Anyone know of any Scottish-based community groups who might benefit from a visit to one of our gardens…?
This year Scotland’s Garden Scheme will join sister organisation, the National Gardens Scheme who cover England and Wales, to hold Gardens and Health Week the 11th – 19th May.
The health and well-being aspect of being in a garden is a key element to our programme of garden openings this year. The physical and mental benefits of gardens and gardening are well known – when we’re stressed they can calm us and provide a wonderful head space to relax and for mindfulness.
Gardens and Health Week will give community groups, hospices, support groups and schools free access to participating volunteer’s gardens. The aim of this is to benefit people, who might not necessarily have the chance to visit a garden and show how therapeutic and inspiring garden spaces can be.
If you know a community group or school who would like to get involved, or you would like to open your garden to a visit between the 11th – 19th May, contact firstname.lastname@example.org
So, as part of my new job at Scotland’s Garden Scheme, I’ve decided that I’m going to try and ‘bag’ all the gardens – with over 500 open in any one year (some opening every other year), this could take me some time but at least I’ll now have plenty of opportunity.
As well as meeting lots of our wonderful volunteer garden openers across the country who open their gardens to visitors to raise money for over 200 charities, I should be able to get a whole heap of tips, and who knows, maybe even some seeds or cuttings.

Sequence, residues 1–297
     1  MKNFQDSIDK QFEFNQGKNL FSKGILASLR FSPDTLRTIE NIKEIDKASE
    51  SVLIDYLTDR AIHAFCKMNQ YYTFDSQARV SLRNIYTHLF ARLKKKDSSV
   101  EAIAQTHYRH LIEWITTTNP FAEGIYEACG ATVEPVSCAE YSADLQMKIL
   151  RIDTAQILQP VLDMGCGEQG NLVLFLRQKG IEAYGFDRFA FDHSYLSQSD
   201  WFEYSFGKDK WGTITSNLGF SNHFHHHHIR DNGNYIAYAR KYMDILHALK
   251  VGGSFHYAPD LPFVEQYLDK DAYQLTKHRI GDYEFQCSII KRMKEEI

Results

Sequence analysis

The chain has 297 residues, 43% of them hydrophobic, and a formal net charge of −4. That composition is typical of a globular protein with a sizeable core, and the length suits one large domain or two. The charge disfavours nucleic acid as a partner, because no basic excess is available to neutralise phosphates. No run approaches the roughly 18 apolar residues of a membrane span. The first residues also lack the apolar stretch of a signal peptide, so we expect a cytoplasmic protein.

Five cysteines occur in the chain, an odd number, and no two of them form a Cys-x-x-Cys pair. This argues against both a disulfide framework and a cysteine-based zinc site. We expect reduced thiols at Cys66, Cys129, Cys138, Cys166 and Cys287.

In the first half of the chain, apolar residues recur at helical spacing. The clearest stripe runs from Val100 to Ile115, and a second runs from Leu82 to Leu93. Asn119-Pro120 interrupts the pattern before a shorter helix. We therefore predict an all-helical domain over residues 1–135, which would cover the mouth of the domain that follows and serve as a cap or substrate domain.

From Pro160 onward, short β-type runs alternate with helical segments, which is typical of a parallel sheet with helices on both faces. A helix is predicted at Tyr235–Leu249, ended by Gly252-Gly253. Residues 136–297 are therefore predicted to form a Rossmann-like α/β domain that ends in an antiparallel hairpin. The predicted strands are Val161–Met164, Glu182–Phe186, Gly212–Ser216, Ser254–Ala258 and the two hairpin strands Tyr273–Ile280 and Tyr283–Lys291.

My first ‘officially’ bagged garden is 101 Greenbank Crescent in Edinburgh. Jerry and Christine invited me along to show me around their labour of love. The garden is a steeply sloping series of terraces overlooking Braidburn Valley Park, each with a very different look and feel.
It’s a really interesting garden with winding steps, ponds, seating areas, a fairy garden, and a stunningly-shaped Kilmarnock willow, which annoyingly I didn’t photograph. Their aim is to have year-round colour, shape and structure. The Magnolia was looking wonderful as was the pear blossom. It’s not a highly manicured garden and has an air of easy charm that belies the years of hard work they’ve put into turning a grassy wilderness into what they have today – it’s definitely been a labour of love with most of the work being undertaken by Jerry and Christine themselves.
They’ve been opening for SGS for 10 years now and I can see why people would want to visit. They are open to visitors by arrangement from 13th April, until September and will be hosting an open day on Sunday 19th May. More info here.
Keen & willing, if slightly clueless, gardeners – life in & around our Scottish Pentlands garden